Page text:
i have ms-sql server experience with reporting queries on a (realtime replica) database receiving hundreds of rows / second.
The short answer is always going to be "it depends"; the answer can be anything between 1000 and 1150 (or even 990 to 1160 if you run with "Read Uncommitted" as mentioned by Robbie Dee)
in sql server a table scan,by default, locks pages as it reads, ensuring that re-use of the same row doesn't give a silly-inconsistent answer. Writes which happen after you start the query, but involving a row/data page you have not yet read will be visable to you.
Adjusting the isolation level can change this in 2 ways:
1) with 'snapshot' isolation, you will not see writes which are requested after you start the query. (what happens to the write depends on if you have a row versioning database, such as oracle, or sql-server with snapshot isolation enabled)
2) when you use a more permissive "allow dirty reads" Read Uncommited (or a table 'with (nolock)' ) then what happens is undefined. in particuar 3 extra scenarios can occur when reading a full page that is about to be split:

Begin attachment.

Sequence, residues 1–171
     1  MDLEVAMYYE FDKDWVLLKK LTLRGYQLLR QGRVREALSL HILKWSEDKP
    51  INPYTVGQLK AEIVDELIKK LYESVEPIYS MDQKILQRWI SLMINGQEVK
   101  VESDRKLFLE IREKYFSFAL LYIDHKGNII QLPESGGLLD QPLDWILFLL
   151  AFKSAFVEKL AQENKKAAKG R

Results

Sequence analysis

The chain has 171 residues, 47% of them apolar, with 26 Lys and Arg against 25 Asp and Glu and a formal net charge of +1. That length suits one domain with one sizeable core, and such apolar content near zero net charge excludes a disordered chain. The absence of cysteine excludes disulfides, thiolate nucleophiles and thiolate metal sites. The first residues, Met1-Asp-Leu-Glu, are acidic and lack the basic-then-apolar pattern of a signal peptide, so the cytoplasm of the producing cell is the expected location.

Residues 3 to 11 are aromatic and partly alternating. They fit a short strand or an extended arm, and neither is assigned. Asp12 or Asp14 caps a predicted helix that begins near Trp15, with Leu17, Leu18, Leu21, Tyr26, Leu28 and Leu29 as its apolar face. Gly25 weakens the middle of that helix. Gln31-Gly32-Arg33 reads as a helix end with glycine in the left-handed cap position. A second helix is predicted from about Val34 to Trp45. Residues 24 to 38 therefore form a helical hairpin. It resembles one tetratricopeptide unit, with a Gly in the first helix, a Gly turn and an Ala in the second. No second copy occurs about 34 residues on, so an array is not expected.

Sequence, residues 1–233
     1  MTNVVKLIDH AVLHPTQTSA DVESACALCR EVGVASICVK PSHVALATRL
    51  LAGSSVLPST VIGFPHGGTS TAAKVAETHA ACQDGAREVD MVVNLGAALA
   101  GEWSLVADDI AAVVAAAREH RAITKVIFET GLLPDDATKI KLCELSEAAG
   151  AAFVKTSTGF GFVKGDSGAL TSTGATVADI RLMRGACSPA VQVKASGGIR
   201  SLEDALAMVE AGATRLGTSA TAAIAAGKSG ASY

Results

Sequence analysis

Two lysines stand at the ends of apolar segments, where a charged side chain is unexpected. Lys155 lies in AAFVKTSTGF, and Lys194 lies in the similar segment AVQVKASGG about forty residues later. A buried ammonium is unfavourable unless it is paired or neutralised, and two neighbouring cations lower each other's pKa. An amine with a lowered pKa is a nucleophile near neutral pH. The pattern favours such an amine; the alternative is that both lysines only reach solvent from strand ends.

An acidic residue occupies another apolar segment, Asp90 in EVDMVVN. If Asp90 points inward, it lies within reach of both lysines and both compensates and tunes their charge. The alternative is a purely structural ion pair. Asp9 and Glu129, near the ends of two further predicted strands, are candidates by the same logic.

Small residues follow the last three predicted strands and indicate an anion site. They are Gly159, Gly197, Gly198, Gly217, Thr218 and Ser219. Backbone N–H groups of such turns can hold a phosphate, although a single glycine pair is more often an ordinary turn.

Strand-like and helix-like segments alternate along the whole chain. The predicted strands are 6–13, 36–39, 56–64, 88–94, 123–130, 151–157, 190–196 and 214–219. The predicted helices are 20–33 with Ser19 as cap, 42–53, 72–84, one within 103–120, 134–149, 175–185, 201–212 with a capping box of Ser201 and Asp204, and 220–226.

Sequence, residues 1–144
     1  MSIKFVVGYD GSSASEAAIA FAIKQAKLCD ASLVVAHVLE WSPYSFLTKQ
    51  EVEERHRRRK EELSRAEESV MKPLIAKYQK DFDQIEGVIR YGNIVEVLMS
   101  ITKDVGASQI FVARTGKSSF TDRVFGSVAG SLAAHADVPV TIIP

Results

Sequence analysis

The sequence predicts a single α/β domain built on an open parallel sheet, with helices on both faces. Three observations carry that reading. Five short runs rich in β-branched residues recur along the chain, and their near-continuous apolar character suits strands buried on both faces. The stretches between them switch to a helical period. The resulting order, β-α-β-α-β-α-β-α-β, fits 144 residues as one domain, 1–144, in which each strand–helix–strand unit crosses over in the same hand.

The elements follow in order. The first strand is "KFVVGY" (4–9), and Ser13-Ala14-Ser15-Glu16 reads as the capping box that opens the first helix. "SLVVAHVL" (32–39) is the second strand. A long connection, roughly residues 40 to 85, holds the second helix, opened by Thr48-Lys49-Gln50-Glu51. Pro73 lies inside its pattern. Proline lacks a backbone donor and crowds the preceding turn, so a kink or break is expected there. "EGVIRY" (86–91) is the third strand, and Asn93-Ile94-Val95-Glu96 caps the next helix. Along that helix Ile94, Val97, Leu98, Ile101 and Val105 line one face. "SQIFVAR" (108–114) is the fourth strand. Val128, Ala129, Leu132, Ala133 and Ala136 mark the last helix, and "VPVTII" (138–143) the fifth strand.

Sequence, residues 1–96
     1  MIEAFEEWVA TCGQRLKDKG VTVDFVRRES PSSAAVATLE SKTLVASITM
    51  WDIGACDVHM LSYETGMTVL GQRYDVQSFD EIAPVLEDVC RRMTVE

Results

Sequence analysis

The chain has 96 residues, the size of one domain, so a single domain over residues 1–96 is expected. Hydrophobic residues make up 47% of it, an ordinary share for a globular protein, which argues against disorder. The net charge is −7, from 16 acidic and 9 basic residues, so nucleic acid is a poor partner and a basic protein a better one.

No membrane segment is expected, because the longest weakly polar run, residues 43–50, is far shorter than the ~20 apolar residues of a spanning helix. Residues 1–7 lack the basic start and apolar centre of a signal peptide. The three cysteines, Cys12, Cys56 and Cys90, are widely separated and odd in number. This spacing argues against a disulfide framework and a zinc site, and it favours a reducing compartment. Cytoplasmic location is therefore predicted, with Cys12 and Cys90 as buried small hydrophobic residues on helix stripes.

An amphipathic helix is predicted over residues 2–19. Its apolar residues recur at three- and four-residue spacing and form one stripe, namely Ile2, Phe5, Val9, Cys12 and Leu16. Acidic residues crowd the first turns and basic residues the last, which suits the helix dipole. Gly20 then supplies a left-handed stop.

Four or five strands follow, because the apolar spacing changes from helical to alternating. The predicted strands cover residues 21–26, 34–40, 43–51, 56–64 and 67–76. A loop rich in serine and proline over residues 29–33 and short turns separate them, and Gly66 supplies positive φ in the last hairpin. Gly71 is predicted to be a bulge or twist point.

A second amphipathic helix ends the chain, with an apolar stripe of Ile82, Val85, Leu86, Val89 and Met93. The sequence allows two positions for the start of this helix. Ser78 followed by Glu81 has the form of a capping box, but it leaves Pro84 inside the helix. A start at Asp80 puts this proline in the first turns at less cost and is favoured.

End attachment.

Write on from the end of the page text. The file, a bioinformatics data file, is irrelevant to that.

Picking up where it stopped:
a) you are at the end of a page, and the new page is ahead of the table scan; you will read all the rows copied to the new page twice. (potential primary key violation in the returned results, or if this is an update, the same row returned twice with different data.)
b) you are at the beginning of the page, and the new page is behind of the current table scan; the rows which are moved from the current page to the new one will not be read, resulting in matching rows not being returned.
c) your read query isn't a table scan, but utilizes an index, which holds row id's: the change in rowID caused by the page split may result in the row changing and results which don't' match your query being returned.
note: in sql server almost any modification (including deleting rows) can cause a page split.